= Kyou atsui? Atatakai?
= Is it hot today or warm?
Hi everybody! It is getting hotter lately in Japan. How about in your countries?
Maggiesensei.com reader, Jack, sends us this question:
I was wondering if you could make a lesson about (or just including) the usage of あたたかい and あつい, I’m always confusing them…
and what’s worse, both have two appropriate kanji, so I never know which one to use, 暑い, 熱い, 暖かい or 温かい. I hope you can clear
this up for me. Thanks in advance.
There are many kanji that have the same sound but what’s worse, the following two pairs have the same sound and the same meaning when you look them up in the dictionary.
暑い = atsui、熱い = atsui hot
!candy! 暖かい = atatakai、温かい = atatakai warm
Then how do we distinguish between them? Here are some tricks to help you remember!
熱い ( = atsui) VS 暑い ( = atsui ) = hot
1) If you touch something and it’s hot, you use 熱い（= atsui)
= Atsui koohii
= Hot coffee
= Atsui ofuro
= Hot bath
= Atsui ocha
= Hot tea
= Kono ocha wa atsui
= This tea is hot.
= Suupu atsui kara kiwo tsuketene.
= The soup is very hot so be careful.
= Ie ni kaette atsui ofuro ni hairitai.
= I want to go home and take a hot bath.
= Maggie, karada ga atsui yo. Netsu ga arunjanai?
= Maggie, your body is burning (hot) . Maybe you have a fever.
2) You can also use 熱い ( = atsui) for intangible things.
= atsui giron
= a hot discussion
= Atsui yuujou
= Strong ties of friendship
=Ano futari wa oatsui naka da.
= Those two are really in love.
= Ano sensei wa totemo atsui.
= That teacher is very passionate/ enthusiastic.
Note : In modern Japanese 熱い ( = atsui) is often used to describe personalities.
It comes from the word 熱心 ( = nesshinn) = zealous, earnest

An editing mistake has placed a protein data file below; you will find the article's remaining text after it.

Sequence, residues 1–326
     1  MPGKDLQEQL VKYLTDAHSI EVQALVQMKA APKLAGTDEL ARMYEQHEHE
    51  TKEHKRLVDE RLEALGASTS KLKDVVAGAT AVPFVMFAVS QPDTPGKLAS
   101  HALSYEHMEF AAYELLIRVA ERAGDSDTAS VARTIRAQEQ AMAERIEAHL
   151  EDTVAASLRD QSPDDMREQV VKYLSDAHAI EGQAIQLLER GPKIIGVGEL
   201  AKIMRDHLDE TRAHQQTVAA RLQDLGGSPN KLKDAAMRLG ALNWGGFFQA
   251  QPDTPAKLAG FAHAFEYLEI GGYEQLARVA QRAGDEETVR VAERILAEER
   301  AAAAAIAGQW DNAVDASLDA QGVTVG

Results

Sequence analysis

Ex. 熱い奴 ( = atsui yatsu ): 奴 ( = yatsu) is a derogatory term used to refer to a guy, but it is also a very casual way to call to a guy in a friendly manner.
So “熱い奴” ( = atsuiyatsu) refers to a guy who is very enthusiastic, energetic, zealous, someone who goes after one’s goal without any hesitation, or believes in one’s dream and tries to make it come true.
If you say “He is hot!” in English it means sexually attractive. But in Japanese,
Ex. 彼は熱い。= Kare wa atsui. = He is very enthusiastic (energetic, passionate.)
暑い ( = atsui) is used when you talk about climate.
Ex. 暑い夏 = atsui natsu = hot summer
= Sakunen no natsu wa ijou na gurai atsukatta.
= It was abnormally hot last summer.
= Kinou wa atsukute nerarenakatta.
= I couldn’t sleep last night because it was too hot.
暖かい ( = atatakai) VS 温かい ( = atatakai )
They both mean “warm”
暖かい ( = atatakai) is used for climate, air or the temperature or something that you feel with your whole body.
= Atatakai heya
= A warm room
= Atatakai haru no ichinichi
= A warm spring day
=Himashi ni atatakaku natte kimashitane.
= It is getting warmer and warmer everyday.
= Atatakai moufu
= warm blanket
= Atatakai kuuki
= warm air
The transitive verb is 暖める ( = atatameru) = to warm, to heat up something and intransitive verb is 暖まる ( = atatamaru)
= Heya wo atatameru
= to warm up the room
= Sutoubu no soba de atamaru
= to warm up oneself by the heater